Tsang's bragging in Beijing falls flat at home | South China Morning Post
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  • Mar 4, 2015
  • Updated: 9:13am

Tsang's bragging in Beijing falls flat at home

PUBLISHED : Thursday, 28 December, 2006, 12:00am
UPDATED : Thursday, 28 December, 2006, 12:00am
 

Donald Tsang Yam-kuen yesterday boasted in Beijing that Hong Kong's economic situation is 'the best in almost 20 years', as his popularity and that of his government plummeted to a new low at home.


'Our market condition is prosperous and robust. I think it is the best situation in almost 20 years,' he said in a meeting with Shao Qiwei chairman of the National Tourism Administration. He said Hong Kong had undergone difficult times, such as the Asian financial crisis and Sars, which had affected various aspects of the city's development.


'Our recent development is encouraging but we won't be complacent, we will always have a sense of danger,' he said.


Mr Shao said the number of mainland tourists visiting the city had risen 7 per cent. 'In November, the figure had exceeded 13 million, among them 5.5 million individual travellers,' he said.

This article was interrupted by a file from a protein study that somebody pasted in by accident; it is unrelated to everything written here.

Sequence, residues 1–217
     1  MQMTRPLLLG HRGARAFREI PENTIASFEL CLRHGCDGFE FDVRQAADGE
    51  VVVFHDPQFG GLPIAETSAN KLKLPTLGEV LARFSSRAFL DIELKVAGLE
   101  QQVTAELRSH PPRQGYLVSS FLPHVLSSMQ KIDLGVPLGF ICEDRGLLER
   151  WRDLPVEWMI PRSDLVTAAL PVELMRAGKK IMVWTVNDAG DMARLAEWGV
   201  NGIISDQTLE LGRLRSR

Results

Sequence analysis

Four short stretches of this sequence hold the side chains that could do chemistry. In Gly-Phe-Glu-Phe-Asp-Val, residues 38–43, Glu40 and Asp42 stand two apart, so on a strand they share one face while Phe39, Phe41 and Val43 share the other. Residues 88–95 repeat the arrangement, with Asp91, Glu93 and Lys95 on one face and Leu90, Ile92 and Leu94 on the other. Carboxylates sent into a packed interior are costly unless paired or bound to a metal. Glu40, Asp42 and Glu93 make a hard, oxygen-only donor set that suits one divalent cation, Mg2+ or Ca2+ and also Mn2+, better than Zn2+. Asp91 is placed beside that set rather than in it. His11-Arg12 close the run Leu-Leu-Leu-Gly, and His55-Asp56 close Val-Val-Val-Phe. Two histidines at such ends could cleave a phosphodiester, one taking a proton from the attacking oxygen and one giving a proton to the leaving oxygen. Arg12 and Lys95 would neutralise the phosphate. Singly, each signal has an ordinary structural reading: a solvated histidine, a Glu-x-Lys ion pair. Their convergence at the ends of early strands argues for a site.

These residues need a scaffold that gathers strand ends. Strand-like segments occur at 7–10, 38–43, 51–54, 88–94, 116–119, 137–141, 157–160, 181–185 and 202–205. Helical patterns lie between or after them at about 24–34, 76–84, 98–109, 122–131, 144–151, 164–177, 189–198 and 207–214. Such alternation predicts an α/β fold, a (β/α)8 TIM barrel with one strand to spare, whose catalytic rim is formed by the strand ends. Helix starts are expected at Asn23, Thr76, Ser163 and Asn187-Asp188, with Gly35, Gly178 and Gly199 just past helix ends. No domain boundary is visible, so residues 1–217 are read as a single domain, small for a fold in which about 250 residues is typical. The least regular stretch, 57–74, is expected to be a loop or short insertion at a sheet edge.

But the chief executive's remarks seemed to find little resonance in Hong Kong. A poll by the University of Hong Kong's Public Opinion Programme found the percentage of people giving Mr Tsang a vote of confidence dropped to its lowest since he took office, from 63 per cent in early December to 56 per cent between December 18 and 20.


Correspondingly, those who had no confidence in him rose from 17 to 21 per cent. Mr Tsang's latest rating was 59.4 out of 100, compared with 62 earlier this month, and public satisfaction with the government dropped from 40 per cent last month to 34 per cent.


The drops were the latest in a half-year decline, although pollster Robert Chung Ting-yiu said recent pressure stemmed from a variety of sources.


Mr Tsang's handling of crises including the demolition of the Star Ferry pier and the influx of pregnant mainlanders were part of the reason. His low-key response to the campaign mounted by Civic Party challenger Alan Leong Kah-kit was also related, several political analysts said.


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